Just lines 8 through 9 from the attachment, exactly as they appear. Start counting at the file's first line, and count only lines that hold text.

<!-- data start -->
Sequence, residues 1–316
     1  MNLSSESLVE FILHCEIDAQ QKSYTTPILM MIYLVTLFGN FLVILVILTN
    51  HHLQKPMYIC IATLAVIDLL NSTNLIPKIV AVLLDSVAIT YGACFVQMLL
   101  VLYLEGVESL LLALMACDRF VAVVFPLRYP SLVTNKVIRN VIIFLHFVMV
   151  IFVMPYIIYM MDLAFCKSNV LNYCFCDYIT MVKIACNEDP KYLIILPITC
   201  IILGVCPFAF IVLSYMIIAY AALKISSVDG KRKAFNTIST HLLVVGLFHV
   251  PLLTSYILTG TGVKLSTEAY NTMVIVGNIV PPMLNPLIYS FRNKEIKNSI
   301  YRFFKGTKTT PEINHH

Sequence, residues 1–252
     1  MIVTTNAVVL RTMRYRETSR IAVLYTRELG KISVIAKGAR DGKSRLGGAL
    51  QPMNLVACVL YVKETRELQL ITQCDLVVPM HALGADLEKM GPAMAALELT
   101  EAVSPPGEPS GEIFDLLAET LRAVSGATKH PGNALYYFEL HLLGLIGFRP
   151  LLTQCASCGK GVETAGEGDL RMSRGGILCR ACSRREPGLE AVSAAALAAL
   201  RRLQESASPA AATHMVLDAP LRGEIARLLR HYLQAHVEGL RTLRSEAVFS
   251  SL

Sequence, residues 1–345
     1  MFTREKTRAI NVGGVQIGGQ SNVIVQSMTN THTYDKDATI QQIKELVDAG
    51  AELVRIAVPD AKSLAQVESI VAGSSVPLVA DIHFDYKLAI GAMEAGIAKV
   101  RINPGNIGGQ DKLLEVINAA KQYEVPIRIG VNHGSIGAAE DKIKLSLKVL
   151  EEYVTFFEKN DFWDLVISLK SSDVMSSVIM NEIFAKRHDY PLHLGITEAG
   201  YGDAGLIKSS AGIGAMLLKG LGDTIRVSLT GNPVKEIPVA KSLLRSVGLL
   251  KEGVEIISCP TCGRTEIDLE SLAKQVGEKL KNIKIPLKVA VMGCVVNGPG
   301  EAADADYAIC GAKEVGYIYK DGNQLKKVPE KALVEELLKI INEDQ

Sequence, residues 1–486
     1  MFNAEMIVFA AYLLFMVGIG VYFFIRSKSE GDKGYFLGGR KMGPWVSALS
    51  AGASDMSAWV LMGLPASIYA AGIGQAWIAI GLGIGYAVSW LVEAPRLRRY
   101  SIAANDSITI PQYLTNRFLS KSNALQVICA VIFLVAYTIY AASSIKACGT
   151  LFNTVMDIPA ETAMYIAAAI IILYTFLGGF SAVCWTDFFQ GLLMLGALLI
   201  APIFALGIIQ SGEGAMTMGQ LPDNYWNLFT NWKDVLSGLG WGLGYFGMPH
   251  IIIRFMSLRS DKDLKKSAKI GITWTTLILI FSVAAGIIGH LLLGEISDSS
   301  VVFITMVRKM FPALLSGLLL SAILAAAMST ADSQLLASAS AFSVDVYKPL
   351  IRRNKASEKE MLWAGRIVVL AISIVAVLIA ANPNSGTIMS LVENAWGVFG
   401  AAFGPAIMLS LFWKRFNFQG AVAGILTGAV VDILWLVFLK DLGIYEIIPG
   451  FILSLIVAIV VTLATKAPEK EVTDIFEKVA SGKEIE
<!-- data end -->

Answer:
   301  YRFFKGTKTT PEINHH

Sequence, residues 1–252